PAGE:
This module has been accredited by the Institution of Mechanical Engineers. On graduation you be able to work towards Chartered Aerospace Engineer status which is an independent verification of your skills and demonstrates to your colleagues and employers your commitment and credentials as an engineering professional.

TEACHING

The course will be taught by a series of lectures, tutorials, computer workshops and laboratory activities.

Some modules will include a structured factory visit to illustrate the processes and techniques and to enable investigations to be conducted.

Engineers from the industry will contribute to the specialist areas of the syllabus as guest lecturers.

ASSESSMENT

The coursework consists of one assignment, and two laboratory exercises.

  • Assignment 1: Control design skills. (30%)
  • Laboratory 1: Feedback control design skills and system modelling skills. (10%)
  • Laboratory 2: Flight dynamics (10%)
  • The first 5 assignments are of equal weighting of 10%, assignment 6 has a weighting of 20%
  • Assignment1: Matlab programming skills assessed.
  • Assignment2: Simulink/ Matlab for control programming skills assessed.
  • Assignment3: Matlab simulation skills assessed.
  • Assignment4: Matlab integration skills assessed.
  • Assignment5: Matlab matrix manipulation knowledge assessed.
  • Assignment 6: Aerospace assembly techniques.

FACILITIES

Mechanical Lab – This lab is used to understand material behaviour under different loading conditions and contains a tensile test machine and static loading experiments – typical laboratory sessions would include tensile testing of materials and investigation into the bending and buckling behaviour of beams.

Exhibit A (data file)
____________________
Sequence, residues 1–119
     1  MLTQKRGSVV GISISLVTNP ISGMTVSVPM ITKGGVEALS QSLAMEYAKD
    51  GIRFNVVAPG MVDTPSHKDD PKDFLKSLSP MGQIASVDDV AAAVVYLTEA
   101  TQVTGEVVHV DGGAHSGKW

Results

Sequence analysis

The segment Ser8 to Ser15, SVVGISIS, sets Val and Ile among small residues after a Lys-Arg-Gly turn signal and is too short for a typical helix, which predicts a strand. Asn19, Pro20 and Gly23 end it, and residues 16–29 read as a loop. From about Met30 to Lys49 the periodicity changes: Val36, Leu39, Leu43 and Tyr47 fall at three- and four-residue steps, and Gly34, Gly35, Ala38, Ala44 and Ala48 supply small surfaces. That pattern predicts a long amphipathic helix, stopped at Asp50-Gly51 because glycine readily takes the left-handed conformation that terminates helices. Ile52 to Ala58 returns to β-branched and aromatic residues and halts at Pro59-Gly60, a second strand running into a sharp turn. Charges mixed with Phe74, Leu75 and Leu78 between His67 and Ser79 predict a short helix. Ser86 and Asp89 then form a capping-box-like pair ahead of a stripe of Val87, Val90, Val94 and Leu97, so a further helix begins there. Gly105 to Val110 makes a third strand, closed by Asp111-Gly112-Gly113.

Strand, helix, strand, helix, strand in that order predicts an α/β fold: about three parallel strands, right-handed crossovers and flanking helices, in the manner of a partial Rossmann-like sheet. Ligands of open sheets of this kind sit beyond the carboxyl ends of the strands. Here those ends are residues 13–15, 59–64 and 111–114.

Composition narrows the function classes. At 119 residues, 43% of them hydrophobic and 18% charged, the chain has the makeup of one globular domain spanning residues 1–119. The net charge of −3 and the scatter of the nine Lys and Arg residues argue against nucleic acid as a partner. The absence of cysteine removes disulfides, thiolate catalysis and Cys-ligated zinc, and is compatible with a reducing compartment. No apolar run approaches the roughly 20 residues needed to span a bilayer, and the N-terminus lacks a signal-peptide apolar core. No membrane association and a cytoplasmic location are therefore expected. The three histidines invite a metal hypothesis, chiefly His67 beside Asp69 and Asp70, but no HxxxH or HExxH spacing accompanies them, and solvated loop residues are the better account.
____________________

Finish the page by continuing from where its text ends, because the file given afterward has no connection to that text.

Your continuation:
Aerodynamics Lab – Contains low speed and supersonic wind tunnels – typical laboratory experiments would include determining the aerodynamic properties of an aerofoil section and influence of wing sweep on the lift and drag characteristics of a tapered wing section.

Composite Material Lab – This lab contains wet lay-up and pre-preg facilities for fabrication of composite material test sections. The facility is particularly utilised for final year project work.

Control Dynamics Lab – Contains flight simulators (see details below) and programmable control experiments – typical laboratory sessions would include studying the effects of damping and short period oscillation analysis, forced vibration due to rotating imbalance, and understanding the design and performance of proportional and integral controllers.

Flight Simulators

Merlin MP520-T Engineering Simulator    

  • This simulator is used to support engineering design modules, such as those involving aerodynamics and control systems by giving a more practical experience of aircraft design than a traditional theory and laboratory approach. As a student, you'll design and input your own aircraft parameters into the simulator before then assessing the flight characteristics.
  • The simulator is a fully-enclosed single seat capsule mounted on a moving 2-degree of freedom platform which incorporates cockpit controls, integrated main head-up display and two secondary instrumentation display panels.
  • An external instructor console also accompanies the simulator and is equipped with a comprehensive set of displays, override facilities and a two-way voice link to the pilot.

Elite Flight Training System    

  • The Elite is a fixed base Piper PA-34 Seneca III aircraft simulator used for flight operations training and is certified by the CAA as a FNPT II-MCC Multi-Crew Cockpit training environment. It has two seats, each with a full set of instrumentation and controls, and European Visuals, so you see a projection of the terrain that you're flying through, based on real geographic models of general terrain and specific airports in Europe.

EMPLOYABILITY

This is a highly valued qualification and as a graduate you can expect to pursue careers in a range of organizations around the world such as in aerospace companies and their suppliers, governments and research institutions.

FURTHER STUDY

You may consider going on to further study in our Engineering 2050 Research Centre which brings together a wealth of expertise and international reputation in three focussed subject areas.